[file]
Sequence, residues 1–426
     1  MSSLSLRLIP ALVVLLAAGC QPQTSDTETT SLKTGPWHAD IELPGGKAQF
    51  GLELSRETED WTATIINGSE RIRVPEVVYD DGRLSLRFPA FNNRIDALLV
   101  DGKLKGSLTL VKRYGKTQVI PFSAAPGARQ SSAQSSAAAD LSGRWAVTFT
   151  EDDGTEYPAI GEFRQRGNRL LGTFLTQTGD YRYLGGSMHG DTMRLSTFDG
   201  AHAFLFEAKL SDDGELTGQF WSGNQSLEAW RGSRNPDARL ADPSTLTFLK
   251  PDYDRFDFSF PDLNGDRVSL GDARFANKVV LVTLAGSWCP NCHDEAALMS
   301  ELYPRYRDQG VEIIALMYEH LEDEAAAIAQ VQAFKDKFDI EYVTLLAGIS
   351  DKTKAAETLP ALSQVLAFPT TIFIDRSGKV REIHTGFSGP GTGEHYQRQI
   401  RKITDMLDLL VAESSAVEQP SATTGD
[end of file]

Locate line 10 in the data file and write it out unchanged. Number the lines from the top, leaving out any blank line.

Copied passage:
   401  RKITDMLDLL VAESSAVEQP SATTGD